The Role of hnRNPM in EMT and Breast Cancer Metastasis

Friday, February 17, 2017
Exhibit Hall (Hynes Convention Center)
Sabrina Gjerswold-Selleck, Bergen County Academies, Hackensack, NJ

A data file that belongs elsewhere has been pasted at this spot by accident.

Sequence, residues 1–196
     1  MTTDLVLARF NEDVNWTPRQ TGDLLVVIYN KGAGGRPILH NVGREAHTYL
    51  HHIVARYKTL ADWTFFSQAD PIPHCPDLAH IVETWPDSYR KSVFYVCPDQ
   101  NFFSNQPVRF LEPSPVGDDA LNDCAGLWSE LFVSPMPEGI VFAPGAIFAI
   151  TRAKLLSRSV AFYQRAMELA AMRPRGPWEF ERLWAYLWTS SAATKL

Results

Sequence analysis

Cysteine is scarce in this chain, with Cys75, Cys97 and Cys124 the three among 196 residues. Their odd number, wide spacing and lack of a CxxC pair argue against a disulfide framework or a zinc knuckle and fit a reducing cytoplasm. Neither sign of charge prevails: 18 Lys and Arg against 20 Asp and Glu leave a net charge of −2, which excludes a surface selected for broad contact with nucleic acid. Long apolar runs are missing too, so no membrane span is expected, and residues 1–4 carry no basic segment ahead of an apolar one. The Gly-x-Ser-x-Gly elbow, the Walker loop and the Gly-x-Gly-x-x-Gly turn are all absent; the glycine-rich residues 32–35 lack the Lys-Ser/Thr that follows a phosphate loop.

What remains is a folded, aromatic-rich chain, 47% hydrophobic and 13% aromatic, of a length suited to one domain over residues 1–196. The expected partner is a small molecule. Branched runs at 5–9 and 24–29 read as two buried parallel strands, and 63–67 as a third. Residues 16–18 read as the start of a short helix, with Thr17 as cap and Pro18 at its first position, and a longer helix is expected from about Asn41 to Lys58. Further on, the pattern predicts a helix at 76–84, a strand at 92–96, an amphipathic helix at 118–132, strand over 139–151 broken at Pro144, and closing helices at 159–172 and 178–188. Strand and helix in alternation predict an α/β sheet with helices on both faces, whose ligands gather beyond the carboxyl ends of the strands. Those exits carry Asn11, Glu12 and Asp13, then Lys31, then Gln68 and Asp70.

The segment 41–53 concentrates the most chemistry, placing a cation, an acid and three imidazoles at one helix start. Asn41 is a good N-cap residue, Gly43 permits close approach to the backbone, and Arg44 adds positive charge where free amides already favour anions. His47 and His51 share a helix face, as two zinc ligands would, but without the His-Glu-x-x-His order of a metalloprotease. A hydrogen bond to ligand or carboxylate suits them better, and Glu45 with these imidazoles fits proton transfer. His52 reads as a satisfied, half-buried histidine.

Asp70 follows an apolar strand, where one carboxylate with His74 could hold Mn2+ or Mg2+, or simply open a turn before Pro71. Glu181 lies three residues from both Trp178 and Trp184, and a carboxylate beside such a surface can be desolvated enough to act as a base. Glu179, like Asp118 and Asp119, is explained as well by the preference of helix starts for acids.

Tumor metastasis is currently the leading cause of cancer-related deaths. A developmental process that initiates the metastatic state is the epithelial-mesenchymal transition (EMT) whose initiation and progression are not well understood. Understanding EMT requires studying the roles of proteins involved, such as hnRNPM (heteronuclear ribonucleoprotein M), a protein involved in alternative splicing in tumor cells. This study addresses the role of hnRNPM through its downregulation in breast cancer cells in TGFβ induced EMT. The protein hnRNPM was stably downregulated in a triple negative breast cancer cell line, MDA-MB-231, through a transfection with hnRNPM shRNA plasmid. The progression of EMT was analyzed through ELISA assays monitoring the expression of proteins indicative of mesenchymal-specific cells, specifically, for example, the protein vimentin. A migration assay showed that downregulation of hnRNPM decreased migration of breast cancer cells. Further, cell viability was analyzed and data showed that cells proliferated most significantly when hnRNPM was knocked down and without TGFβ treatment, and the least when control cells were treated with TGFβ. These findings demonstrate a novel molecular mechanism through which tumor metastasis is potentiated by hnRNPM expression, and role that this protein can potentially have in tumor growth. Research of this nature will have applications in the treatment of triple negative breast cancer.